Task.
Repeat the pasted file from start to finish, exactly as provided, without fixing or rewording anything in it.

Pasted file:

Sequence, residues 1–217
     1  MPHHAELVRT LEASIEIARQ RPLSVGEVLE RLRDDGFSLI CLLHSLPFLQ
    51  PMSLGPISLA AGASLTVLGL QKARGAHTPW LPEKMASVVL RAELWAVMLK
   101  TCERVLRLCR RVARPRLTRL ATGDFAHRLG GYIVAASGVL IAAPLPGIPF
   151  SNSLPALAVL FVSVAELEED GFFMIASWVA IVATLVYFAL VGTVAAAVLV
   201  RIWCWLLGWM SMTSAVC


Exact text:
Sequence, residues 1–217
     1  MPHHAELVRT LEASIEIARQ RPLSVGEVLE RLRDDGFSLI CLLHSLPFLQ
    51  PMSLGPISLA AGASLTVLGL QKARGAHTPW LPEKMASVVL RAELWAVMLK
   101  TCERVLRLCR RVARPRLTRL ATGDFAHRLG GYIVAASGVL IAAPLPGIPF
   151  SNSLPALAVL FVSVAELEED GFFMIASWVA IVATLVYFAL VGTVAAAVLV
   201  RIWCWLLGWM SMTSAVC